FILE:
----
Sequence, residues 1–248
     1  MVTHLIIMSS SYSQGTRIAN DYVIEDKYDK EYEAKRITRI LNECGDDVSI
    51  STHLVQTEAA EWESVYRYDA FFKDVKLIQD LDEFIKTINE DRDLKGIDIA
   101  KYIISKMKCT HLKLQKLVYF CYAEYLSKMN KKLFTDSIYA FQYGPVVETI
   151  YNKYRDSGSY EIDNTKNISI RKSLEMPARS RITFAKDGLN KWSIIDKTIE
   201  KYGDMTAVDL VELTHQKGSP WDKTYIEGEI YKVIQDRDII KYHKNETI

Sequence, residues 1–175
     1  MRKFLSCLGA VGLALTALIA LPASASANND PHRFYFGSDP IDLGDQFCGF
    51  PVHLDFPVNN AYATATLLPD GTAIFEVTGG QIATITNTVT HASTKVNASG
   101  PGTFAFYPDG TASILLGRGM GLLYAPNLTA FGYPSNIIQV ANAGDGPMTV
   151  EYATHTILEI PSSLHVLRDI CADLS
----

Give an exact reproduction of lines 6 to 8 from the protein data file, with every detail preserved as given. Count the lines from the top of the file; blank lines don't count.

   201  KYGDMTAVDL VELTHQKGSP WDKTYIEGEI YKVIQDRDII KYHKNETI

Sequence, residues 1–175
     1  MRKFLSCLGA VGLALTALIA LPASASANND PHRFYFGSDP IDLGDQFCGF